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It comes to that time of the year when we get the chance to set aside some time to remember those who surrendered much or all of what they had because their country asked them to make the ultimate sacrifice. In times where we seem to find more time to watch the future than recall the past, a recent series of posts on Facebook from friends disconcerted that FIFA were blocking the wearing of red poppies at a future football match on Remembrance Sunday, many were silenced when one voice pipped up that in real respect every sport should follow the stance of the ACU and to take the day out of the annual event calendar. I for one shall be at my village war memorial again come rain or shine thinking about and thanking those from all sides who lay down their lives in a national cause, I do not focus on the good or bad of how they got to that point as for many there was no choice but to obey their call up for national service.

Oliver Godfrey 1914

Photo – Oliver Godfrey #112 500cc Indian [BL 90] taken 1914,  completed a lap of the Snaefell circuit at an average speed of 47.63 mph to win the first IoM mountain circuit TT race 1911 and was lost in the earth of Flanders 1916

A motorcycle sport legend Oliver Godfrey, a Londoner, was the winner of the first TT race held on the often considered ‘off-road’ mountain circuit in the Isle of Man in 1911 and part founder of Godfrey’s Motorcycles, Great Portland St., London.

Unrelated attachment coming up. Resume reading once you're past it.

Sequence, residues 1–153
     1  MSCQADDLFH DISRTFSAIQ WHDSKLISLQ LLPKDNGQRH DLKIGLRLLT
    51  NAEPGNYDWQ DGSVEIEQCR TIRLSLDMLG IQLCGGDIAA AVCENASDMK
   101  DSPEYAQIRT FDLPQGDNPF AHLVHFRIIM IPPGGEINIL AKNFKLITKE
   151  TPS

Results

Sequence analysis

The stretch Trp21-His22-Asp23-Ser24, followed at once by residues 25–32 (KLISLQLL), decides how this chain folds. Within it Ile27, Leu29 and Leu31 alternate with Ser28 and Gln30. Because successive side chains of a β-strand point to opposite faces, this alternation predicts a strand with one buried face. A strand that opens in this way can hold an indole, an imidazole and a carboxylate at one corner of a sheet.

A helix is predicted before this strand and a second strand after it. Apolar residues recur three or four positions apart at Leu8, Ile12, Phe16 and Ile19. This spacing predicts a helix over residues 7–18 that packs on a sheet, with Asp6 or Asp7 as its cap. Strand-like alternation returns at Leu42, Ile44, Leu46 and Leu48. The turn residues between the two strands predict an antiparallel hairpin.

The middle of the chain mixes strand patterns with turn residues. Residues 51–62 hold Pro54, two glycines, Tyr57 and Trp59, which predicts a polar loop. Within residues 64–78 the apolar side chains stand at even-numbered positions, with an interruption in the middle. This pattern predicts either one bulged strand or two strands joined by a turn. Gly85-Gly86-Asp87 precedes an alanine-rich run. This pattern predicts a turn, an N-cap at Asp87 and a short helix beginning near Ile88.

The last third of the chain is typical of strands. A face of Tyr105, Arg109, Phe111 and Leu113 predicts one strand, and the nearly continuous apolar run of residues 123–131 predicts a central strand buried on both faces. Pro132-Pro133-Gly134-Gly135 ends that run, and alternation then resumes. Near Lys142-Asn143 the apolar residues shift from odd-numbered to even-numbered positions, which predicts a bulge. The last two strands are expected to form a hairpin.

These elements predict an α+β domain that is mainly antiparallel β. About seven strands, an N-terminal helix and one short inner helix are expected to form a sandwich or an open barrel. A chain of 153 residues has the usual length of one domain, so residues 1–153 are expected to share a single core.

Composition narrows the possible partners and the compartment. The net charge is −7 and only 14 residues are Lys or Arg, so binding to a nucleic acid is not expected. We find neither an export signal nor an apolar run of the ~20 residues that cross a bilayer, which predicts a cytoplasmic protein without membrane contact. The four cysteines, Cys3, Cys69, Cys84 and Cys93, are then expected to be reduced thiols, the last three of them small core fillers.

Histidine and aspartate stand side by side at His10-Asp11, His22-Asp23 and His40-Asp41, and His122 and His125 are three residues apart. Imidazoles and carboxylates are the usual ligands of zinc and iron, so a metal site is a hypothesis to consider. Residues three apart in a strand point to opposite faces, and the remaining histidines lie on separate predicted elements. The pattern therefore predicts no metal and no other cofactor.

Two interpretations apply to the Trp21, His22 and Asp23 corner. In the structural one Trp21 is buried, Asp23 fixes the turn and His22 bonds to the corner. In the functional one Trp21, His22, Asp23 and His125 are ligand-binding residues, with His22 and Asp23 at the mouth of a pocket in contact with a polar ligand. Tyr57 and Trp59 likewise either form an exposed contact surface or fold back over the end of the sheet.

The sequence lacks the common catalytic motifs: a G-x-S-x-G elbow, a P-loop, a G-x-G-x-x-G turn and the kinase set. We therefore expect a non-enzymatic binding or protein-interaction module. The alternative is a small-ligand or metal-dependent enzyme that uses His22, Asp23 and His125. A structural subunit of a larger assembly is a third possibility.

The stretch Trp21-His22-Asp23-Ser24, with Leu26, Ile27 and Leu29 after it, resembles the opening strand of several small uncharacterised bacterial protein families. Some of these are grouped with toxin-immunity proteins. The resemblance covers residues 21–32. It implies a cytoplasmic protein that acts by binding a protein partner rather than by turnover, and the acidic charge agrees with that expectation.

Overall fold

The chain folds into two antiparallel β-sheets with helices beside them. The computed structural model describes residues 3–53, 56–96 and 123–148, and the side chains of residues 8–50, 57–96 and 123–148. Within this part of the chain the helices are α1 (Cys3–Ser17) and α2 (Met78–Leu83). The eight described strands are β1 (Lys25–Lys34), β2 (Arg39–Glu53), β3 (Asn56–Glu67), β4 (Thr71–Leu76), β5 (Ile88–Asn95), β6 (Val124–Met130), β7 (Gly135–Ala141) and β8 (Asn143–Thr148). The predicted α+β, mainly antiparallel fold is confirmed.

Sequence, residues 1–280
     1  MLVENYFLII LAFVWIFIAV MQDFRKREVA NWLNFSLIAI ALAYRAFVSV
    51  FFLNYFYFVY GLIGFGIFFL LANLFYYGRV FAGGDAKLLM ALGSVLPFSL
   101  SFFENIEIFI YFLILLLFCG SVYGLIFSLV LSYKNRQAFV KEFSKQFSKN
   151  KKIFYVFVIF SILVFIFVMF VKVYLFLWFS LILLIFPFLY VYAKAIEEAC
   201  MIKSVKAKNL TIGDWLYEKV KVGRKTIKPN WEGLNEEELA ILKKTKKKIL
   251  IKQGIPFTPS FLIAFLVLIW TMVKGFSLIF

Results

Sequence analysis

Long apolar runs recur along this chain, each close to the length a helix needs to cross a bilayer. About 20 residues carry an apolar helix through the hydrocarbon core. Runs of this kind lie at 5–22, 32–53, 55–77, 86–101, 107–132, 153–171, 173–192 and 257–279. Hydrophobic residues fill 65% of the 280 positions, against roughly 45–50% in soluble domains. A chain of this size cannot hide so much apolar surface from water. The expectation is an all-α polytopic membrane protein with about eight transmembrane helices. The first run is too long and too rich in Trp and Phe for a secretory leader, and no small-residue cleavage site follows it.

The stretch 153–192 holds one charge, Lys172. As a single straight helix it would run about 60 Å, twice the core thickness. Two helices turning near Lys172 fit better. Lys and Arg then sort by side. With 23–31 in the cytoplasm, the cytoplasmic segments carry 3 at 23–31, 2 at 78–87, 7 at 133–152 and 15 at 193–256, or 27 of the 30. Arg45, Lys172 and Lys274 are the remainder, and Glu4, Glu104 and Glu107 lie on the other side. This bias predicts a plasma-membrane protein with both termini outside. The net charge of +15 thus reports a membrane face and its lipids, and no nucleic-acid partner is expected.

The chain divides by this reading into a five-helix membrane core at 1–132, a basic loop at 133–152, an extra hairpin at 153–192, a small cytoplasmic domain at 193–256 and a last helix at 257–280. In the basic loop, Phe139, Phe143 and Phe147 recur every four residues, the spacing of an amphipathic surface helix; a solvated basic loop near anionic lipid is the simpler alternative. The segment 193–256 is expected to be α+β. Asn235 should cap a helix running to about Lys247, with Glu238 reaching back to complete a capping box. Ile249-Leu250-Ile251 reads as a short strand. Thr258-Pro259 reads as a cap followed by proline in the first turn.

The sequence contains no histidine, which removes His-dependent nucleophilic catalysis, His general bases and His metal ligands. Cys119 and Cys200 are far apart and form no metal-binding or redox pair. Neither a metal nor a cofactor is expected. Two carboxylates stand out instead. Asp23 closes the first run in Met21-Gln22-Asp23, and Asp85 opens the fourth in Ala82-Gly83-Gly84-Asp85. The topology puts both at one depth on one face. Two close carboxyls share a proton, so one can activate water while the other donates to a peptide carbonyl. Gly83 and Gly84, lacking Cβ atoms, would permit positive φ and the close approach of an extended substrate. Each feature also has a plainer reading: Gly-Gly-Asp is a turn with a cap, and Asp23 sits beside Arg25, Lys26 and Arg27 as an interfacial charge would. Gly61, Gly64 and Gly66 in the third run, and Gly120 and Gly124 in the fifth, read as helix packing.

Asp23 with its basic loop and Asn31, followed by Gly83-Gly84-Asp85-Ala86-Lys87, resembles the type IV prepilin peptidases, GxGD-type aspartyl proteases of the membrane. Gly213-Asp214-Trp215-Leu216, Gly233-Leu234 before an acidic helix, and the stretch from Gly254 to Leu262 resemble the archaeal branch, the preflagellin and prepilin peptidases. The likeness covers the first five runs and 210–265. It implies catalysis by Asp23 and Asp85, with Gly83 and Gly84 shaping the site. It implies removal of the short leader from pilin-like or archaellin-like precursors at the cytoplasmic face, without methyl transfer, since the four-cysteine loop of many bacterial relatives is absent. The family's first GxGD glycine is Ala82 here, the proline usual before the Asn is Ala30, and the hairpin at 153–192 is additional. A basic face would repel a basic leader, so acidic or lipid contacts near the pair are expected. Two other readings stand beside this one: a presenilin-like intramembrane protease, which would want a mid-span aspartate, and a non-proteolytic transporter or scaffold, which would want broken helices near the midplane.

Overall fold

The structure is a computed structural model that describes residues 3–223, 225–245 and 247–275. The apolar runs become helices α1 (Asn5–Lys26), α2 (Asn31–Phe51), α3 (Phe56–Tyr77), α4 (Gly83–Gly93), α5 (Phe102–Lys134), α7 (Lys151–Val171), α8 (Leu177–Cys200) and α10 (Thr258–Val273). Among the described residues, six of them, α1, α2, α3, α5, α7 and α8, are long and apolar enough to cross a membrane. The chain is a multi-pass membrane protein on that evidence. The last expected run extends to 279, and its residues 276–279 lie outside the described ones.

Four years later in 1915 he swopped is bike goggles for pilots goggles and his saddle for a cockpit to fly bombing and reconnaissance missions over German lines. During the Battle of the Somme on the 23 September 1916 he flew with the 27 Squadron of the Royal Flying Corps on a mission over Cambrai.

pilot license

Photo – @nd Lieutenant Oliver Cyril Godfrey’s pilots license 1916

Five German fighters intercepted them, led by the famous Red Baron, Manfred von Richthofen. In the dog fight Godfrey was shot down crashing into the Flanders earth and his body was never recovered remaining one of the lost sons of war.

Oliver Godfrey 1911

Photo – Oliver Godfrey#26 Indian 500cc 3 3/4hp winner of the 1911 IoM TT and placed the name of Indian Motorcycles from Massachusetts in the forefront of motorcycle racing in the UK

Oliver Godfrey wins TT

Photo – Oliver Godfrey crosses the finish line to win the Isle of Man TT race in 1911

red indian

Photo – replica of Oliver Godfrey’s IoM TT wining Indian 500cc

This year the British Royal Legion is running a campaign to hilight the sportsmen and women who lost their lives in the wars which has provided some of the information for this article and you can read this and more here.

sportrememberssomme100banner_1760x600

Battle of the Somme 1916 – 2016

To see more about the Battle of the Somme, below I feature a video conversion of a silent film made by Geoffrey Malins of the Battle of the Somme in 1916, a 77 minute film was made from 8,000 ft of film taken on the battlefield. The film features a few recreations but is considered to be a fairly authentic documentary of the battle in the new media of film. The film does not just concentrate on the trenches but has the War Horses as well as the motorised army with trucks and motorcycles in use. The evacuation of injured and prisoners from the battle field shows that the opposing sides were able to work side by side with compassion.

references

Replica of Oliver Godfrey’s Indian 500 Bonham Auction Stafford Oct 2011

100 years after the Indian Summer: Oliver Godfrey

Oliver Godfrey: First TT Mountain Course champion

Isle of Man TT Event History 1907 – 1930

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